Q: I always have allergies in the spring, and sometimes nothing works to reduce my symptoms. What can I do?
A: Spring is here, along with pollen and allergies. The pollen count is high this year so those who suffer are looking at a difficult season. People with asthma and other pulmonary problems can face serious health risks with the onset of allergy symptoms.
Although the list is long, typically spring allergens include trees, grass, and weed pollen; dust mite and cockroach droppings; cat, dog and rodent dander. Reactions can progress to life threatening anaphylactic shock in severely sensitive individuals. For most of us it is the sniffles, sneezing, and occasionally headaches, vomiting or cramps.
Hints to reduce seasonal symptoms include starting medications immediately with onset of mild illness. There are a number of over-the-counter medications such as antihistamines, which can be effective in almost half the symptomatic population. However, there are medical conditions like high blood pressure and asthma that limit treatment choices. Your doctor should be consulted before you start OTC medications.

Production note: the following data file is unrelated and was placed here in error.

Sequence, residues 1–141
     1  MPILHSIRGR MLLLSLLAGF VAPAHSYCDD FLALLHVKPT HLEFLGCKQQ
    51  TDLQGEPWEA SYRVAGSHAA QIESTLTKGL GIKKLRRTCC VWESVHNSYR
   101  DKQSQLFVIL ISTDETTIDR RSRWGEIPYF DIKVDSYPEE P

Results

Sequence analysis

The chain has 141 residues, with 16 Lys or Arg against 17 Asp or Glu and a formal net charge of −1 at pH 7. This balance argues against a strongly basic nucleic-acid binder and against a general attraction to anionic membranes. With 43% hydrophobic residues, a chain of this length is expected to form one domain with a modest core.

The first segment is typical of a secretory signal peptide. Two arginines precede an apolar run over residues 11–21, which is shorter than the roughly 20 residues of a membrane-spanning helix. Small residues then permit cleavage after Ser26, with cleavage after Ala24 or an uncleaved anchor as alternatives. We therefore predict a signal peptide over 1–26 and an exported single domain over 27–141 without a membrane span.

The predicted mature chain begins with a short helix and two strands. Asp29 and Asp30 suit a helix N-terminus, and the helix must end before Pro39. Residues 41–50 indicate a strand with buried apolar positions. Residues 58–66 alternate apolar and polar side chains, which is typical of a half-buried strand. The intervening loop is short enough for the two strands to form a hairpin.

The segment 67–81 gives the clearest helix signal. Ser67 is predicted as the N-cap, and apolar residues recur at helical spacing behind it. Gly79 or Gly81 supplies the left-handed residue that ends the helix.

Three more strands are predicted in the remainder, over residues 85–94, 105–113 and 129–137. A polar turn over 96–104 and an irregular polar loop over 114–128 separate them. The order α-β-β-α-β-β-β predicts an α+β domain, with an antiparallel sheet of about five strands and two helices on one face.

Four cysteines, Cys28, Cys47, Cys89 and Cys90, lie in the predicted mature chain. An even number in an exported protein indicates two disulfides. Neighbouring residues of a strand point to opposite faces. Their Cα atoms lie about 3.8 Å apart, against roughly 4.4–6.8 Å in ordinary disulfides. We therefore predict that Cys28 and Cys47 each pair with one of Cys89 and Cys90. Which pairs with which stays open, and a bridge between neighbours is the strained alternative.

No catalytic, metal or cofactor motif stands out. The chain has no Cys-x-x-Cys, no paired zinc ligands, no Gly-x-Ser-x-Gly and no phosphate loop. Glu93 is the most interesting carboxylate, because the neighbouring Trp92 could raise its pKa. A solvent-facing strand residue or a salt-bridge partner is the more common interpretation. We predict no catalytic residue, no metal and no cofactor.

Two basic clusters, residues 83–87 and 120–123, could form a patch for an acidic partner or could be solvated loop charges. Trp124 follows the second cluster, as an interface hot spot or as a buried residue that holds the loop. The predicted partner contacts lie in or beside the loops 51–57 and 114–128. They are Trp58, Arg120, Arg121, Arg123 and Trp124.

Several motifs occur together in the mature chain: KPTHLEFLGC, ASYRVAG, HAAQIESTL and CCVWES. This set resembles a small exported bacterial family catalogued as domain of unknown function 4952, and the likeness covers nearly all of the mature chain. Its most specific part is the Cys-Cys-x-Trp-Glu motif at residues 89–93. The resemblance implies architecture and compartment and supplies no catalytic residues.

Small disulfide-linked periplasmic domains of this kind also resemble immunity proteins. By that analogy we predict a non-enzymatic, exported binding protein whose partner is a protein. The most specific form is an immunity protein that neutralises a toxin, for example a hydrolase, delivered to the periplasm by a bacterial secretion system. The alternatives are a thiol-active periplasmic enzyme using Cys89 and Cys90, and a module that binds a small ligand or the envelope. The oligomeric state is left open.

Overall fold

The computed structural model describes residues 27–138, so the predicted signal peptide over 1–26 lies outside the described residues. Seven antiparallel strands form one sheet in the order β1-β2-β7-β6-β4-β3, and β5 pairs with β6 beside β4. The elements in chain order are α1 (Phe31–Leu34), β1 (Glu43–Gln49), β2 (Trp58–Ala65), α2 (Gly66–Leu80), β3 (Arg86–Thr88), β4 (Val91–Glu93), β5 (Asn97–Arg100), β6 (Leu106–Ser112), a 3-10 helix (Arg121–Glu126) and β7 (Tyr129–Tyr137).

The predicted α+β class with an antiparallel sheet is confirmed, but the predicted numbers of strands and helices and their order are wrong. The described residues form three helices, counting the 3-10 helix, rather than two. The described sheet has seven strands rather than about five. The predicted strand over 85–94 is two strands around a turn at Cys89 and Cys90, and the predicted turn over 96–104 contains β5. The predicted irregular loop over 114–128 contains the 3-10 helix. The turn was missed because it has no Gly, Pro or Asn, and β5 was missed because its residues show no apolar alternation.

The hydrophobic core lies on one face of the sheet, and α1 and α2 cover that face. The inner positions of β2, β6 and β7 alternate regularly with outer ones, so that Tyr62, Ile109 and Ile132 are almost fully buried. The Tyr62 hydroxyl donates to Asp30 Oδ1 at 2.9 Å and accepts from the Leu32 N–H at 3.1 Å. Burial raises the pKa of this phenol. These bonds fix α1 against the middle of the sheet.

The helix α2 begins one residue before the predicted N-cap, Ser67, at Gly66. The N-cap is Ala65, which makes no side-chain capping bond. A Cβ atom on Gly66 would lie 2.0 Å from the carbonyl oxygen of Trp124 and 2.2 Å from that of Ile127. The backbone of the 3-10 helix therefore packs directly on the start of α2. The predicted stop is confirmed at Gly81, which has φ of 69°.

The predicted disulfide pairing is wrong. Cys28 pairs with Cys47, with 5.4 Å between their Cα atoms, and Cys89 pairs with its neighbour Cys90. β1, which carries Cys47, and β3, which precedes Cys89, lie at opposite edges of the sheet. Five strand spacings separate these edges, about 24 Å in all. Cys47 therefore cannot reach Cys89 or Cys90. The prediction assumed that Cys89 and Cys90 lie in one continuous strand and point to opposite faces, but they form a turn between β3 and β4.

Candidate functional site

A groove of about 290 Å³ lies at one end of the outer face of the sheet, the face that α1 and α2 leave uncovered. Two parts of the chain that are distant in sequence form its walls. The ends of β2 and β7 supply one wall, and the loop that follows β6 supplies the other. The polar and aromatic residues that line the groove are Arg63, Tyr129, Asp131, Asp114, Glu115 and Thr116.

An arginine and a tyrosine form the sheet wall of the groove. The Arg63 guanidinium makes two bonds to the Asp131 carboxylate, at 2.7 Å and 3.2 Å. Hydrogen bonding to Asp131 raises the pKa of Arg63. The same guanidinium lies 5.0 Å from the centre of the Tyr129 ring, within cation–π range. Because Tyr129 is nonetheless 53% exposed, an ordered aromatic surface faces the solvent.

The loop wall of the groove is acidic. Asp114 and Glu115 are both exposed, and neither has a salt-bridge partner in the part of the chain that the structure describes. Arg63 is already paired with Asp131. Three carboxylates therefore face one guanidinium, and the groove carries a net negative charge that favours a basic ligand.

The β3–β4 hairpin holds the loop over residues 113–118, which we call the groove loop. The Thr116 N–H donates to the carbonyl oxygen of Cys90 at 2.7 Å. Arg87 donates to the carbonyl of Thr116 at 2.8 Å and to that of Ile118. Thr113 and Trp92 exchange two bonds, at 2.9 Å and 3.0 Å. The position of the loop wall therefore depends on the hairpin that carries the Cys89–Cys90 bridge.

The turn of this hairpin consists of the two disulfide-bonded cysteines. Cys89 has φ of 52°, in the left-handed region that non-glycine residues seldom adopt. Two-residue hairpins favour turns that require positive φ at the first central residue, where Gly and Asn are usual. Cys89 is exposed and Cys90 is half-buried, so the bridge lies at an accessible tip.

Other suggestions for those with difficulties include purchasing high quality filters for your air conditioner that should be changed each spring or as recommended; planning outdoor gardening activity when the pollen count is low; using indoor vaporizers and humidifiers; and keeping car windows closed when driving.
An allergist can determine if you are a candidate for desensitization treatment. Severe allergies can be disabling and undermine the wonderful spring weather.
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